The noodles are essentially flavorless, so they are really just a medium for the toppings. And while I see people buying from this stall all the time, it’s always take-away, so I have no idea how you are meant to eat this. With fingers? A spoon? I use a fork to stir it all up and then eat it that way.

If you successfully navigate the traffic past this stall, you’ll end up at Gama.  This is a Chinese-managed supermarket and department store at the infamous “Magazine Circus” intersection, where five major roads intersect.  It’s just a few blocks from our apartment, so we shop there for everyday groceries. If you take the elevator all the way up to the sixth floor of Gama, there’s a small food court.  The best option is kaya toast.  Kaya butter is coconut jam.  Doesn’t that just sound heavenly?  Kaya toast is a classic Malaysian snack, simply a sandwich with kaya butter in the middle, often eaten at coffee houses for breakfast.  But I find it makes a good snack to refuel after grocery shopping!

Jalan Dato Keramat, the road we walk to get to Gama, after you’ve passed the putu ayam stall.

Kaya toast and a glass of lemon-sour plum juice. The tartness balances the sweet kaya butter.
Across the street from Gama is one of many Mamak restaurants in the area.  Mamaks are Muslim Indians who have a particular cuisine of their own, different from Hindu Indians.  (For starters, Beef: yes. Pork: no.)  My favorite option at these restaurants is roti.  Now, roti just translates to bread.  But in these restaurants, it refers to a big, soft flatbread. The most common use of roti is roti canai, where a piece of this flatbread is served with curries for dipping.  But it can be served  in all manner of savory dishes (eggs! sardines!) or sweet dishes (banana! condensed milk!). It was here at the restaurant at Magazine Circus that I first tried roti tisu.  The roti is rolled out extra-thin, fried and served crispy, rolled into a cone.  And while I suppose you could eat it with any condiments, it’s best when drizzled with sweetened condensed milk.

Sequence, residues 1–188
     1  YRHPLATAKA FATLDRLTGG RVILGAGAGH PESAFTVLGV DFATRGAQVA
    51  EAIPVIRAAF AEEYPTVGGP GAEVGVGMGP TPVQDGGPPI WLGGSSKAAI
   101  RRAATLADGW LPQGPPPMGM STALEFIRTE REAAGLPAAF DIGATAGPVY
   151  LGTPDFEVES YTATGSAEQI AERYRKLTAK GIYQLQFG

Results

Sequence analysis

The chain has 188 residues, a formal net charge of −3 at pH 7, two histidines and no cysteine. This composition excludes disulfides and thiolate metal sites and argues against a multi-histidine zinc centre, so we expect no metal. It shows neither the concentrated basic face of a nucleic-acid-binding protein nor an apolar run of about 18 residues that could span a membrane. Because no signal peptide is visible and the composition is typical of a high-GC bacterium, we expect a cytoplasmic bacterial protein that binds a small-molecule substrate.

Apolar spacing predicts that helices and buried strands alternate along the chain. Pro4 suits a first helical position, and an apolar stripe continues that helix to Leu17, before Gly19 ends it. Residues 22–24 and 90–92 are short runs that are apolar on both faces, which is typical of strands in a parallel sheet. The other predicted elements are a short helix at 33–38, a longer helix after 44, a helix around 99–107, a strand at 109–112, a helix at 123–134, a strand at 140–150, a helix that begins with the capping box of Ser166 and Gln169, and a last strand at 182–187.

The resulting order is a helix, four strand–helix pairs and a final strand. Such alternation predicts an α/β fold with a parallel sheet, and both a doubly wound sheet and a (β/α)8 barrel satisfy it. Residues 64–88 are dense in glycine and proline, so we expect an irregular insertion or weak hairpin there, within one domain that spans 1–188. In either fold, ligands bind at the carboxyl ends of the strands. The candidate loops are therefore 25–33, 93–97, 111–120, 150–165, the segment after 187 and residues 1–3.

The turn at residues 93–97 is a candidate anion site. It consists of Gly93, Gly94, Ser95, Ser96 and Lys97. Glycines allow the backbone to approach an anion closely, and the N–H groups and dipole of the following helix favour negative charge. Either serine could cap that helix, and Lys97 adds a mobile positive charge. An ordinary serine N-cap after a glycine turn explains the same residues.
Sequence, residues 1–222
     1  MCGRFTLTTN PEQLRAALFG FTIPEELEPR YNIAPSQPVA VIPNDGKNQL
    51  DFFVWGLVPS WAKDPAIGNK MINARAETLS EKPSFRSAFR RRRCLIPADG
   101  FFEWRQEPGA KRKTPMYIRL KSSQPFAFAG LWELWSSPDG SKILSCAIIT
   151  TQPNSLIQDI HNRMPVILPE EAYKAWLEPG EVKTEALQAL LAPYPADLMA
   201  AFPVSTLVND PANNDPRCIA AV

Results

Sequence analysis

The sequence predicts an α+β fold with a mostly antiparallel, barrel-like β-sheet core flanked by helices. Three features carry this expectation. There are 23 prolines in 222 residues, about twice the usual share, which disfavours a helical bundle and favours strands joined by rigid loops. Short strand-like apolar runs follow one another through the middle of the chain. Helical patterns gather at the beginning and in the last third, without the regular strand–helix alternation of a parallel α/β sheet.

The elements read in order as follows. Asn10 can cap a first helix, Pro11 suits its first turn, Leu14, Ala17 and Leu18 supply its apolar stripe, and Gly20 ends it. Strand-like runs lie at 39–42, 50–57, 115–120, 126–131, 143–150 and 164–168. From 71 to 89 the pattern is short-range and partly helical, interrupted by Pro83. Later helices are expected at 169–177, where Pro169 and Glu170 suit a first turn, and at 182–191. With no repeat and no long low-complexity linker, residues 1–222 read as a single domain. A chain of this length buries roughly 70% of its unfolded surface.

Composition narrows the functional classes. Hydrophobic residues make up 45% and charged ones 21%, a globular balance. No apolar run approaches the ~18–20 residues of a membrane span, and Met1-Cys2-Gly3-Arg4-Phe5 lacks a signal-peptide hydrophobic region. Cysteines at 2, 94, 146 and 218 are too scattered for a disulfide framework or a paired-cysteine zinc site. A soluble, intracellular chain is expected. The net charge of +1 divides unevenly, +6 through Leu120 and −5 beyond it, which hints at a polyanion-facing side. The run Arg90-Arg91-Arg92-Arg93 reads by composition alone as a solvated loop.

Roti tisu and a cup of teh tarik.
Down the street, on the other side of our apartment, is a little shop called Joez Coconut. It can hardly be called a restaurant; it’s really just a little food stall and there’s not much of a place to sit.

Joez Coconut.
Once again, it’s a shop that special lives in just one type of food, so you can bet it’s going to be good.  They sell coconut treats and their specialty is coconut jelly.  I don’t know what their magical technique is, but you can buy a whole coconut, open up the lid, and the coconut water inside has been turned into jelly.  It’s like eating coconut-flavored Jello, but it’s lighter than Jello and just melts in your mouth.  On a hot day, it’s a refreshing treat for under RM5.  Cold and smooth and jiggly.  Yum.

The original Joez Coconut.

After you eat the jelly, you can scrape out the white coconut flesh too.

A Sleepy Stroll Through the Christian Cemetery

Penelope doesn’t like to sleep during the day and the best bet for calming her down is to walk, walk, walk.  This is a child of the tropics; the hotter it is, the better.  So we’ve developed a new weekday routine where I slide her into the baby carrier and go exploring Georgetown on foot.  She falls asleep as long as we keep walking and while we both end up sweaty, it’s the best way for me to maintain my sanity when the two of us are alone.

The other day, I decided to visit the historic Christian cemetery.  There are two sections, one half Protestant and the other half Catholic.  The earliest burials date to the 18th century and the last burial was in 1892.  The site has suffered from neglect over the years and many tombstones are toppled, cracked, and illegible.  Perhaps the most extensive damage occurred during WWII, when Japanese bombs obliterated both the north and south ends of the Protestant Cemetery.